So, I shall continue to earth in bare feet.  I may even look out my earthing kit again.
John
Title: Re: A couple of things
Post by: BlueTrain on July 15, 2018, 09:38:27 PM
I can report with confidence that sleeping on the ground does not improve one's sleep. At least it never did mine. Maybe there was too much insulation. However, I grew up hearing a lot about traditional lore. I suspect that since that was a couple of generations ago, most of it has probably been forgotten. Much of it had to do with growing things and nobody there keeps a (vegetable) garden anymore. If they do, they should know that you have to plant things according to the signs, as given in the Farmer's Almanac. I don't recall if wearing a copper bracelet was one of them but I think some people believed that carrying certain things around in your pockets was supposed to be worth doing, only I don't remember what things. I imagine that most of those things were brought over from Europe and what didn't, came from the Indians. At least nobody mentioned werewolves or even real wolves.

There was a magazine entitled "Foxfire," which was about southern Appalachian culture, crafts and history, later published in book form. I never read any myself, not wanting to make apple butter or built a log house, although I did live in one. No doubt all sorts of folk remedies and such things were included. But most things along those lines, like carrying something special in your pocket, were mentioned in such a way as to suggest that they didn't have complete faith in the claim but it was more a case of "it wouldn't hurt."

Some of those things work but chances are, the reasons they do (and sometimes don't) have to be scientifically grounded, not faith based. And circumstances are apt to be more complicated that people generally realize. In other words, someone said that grounding/earthing works best when the ground is moist. So it may not work too well out in Arizona. But the air is good if you have respiratory problems--or used to be.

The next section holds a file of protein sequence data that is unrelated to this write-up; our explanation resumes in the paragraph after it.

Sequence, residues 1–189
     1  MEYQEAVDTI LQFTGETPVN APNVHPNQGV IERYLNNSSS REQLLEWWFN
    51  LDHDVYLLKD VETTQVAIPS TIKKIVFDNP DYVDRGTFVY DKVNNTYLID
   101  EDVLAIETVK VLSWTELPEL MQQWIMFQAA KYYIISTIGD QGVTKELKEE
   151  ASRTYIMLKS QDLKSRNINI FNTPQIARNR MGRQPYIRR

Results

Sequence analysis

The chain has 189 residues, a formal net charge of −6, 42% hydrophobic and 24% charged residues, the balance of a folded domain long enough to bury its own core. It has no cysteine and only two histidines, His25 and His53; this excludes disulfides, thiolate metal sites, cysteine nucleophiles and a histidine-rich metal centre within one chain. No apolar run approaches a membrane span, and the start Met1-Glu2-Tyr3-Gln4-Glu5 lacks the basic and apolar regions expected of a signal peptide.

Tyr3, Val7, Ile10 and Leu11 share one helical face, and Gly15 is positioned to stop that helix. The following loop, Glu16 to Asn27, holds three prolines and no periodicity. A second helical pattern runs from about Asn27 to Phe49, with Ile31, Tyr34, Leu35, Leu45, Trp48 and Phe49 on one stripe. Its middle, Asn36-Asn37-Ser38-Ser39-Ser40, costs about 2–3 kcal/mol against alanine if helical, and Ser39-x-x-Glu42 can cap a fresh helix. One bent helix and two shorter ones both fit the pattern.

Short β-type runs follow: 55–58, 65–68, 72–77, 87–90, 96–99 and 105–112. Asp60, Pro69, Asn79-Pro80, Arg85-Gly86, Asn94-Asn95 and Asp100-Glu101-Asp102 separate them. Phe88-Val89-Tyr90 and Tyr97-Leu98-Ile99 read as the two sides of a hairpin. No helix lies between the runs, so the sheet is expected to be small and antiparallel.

Title: Re: A couple of things
Post by: nuduke on July 19, 2018, 09:37:44 PM

I agree Blue Train, a scientific grounding to explain phenomena is essential.  But that doesn't mean to say there is no place for faith or empirical experience in the function of something.  A lot of old wives' remedies are based on sound scientific principles and others work but we don't know why yet.  The classic is willow tree bark extract that was used for centuries to treat pains and fevers.  That's because it contains the equivalent of aspirin (Salicin) from which Aspirin was eventually isolated and synthesised.  Foxglove, digitalis is another - led to a major heart drug Digoxin.  Also the placebo effect has been shown to be amazingly strong in those that believe in it even though they know they are using an inactive placebo.  So if there are reasons to believe in something having an effect then that can have the desired effect whether or not there is any specific scientific grounding.  I just isn't cut and dried.  I am a fierce reductionist - I believe there's a scientific reason for everything - but I believe that there are many things that are currently beyond scientific reasoning.  That is no reason to dismiss or avoid the things that presently defy explanation.  Quite the reverse in fact.  Engaging with them makes it more likely that an explanation may occur to someone.


Consider earthing: The thing about earthing is that it is not beyond plausible that there is a connection between the electrical activity in the body and the ability of the earth to absorb electrons.  The Earthers claim you receive energy from the earth by connecting with it.  I find that hard to believe. However, anyone with a home electrical test multimeter can measure the change in body resistance when you earth yourself.  I think its more plausible to speculate that what happens is that there is a small flow of electrons to earth when you improve contact with the earth such as in going barefoot or connecting with the electrical earth and this may (or may not) have some sort of beneficial effect.  While the earthers make no reference to a mechanism by which a flow of electrons out of the body could affect the body, I am happy to be pluralistic and accept others' benign faiths and beliefs in my belief that a reductionist, rational, scientific explanation will eventually emerge as to the effects of those beliefs.  Who knows, one day, like aspirin, yoga or using mouldy bread to put on infected wounds, one of them may change the world for the better.


In my early days of going naked in the woods and to an extent today, I would feel what I called an 'earth energy' whilst meditating naked on the leafy floor of a wood or hugging a tree or just feeling the breeze on my skin.  This is a metaphysical, ontological thing and I have no doubt is self-generated.  I just want to feel uplifted in these circumstances and so I allow my self  and mood (spirit?) to be uplifted.  The effect is calming, energising and if I'm lucky, slightly mystical.  Naked in nature I like to feel like a creature of nature (which I am not!) but I can open my mind to such possibilities and let the feeling of that experience flood in.  None of that is scientific nor does it imply a particular belief or faith.  However it is a meditative state which my mind invites to happen, the result being inner calm, positive thought outcomes and so a love of being naked in nature.  I call that earth energy.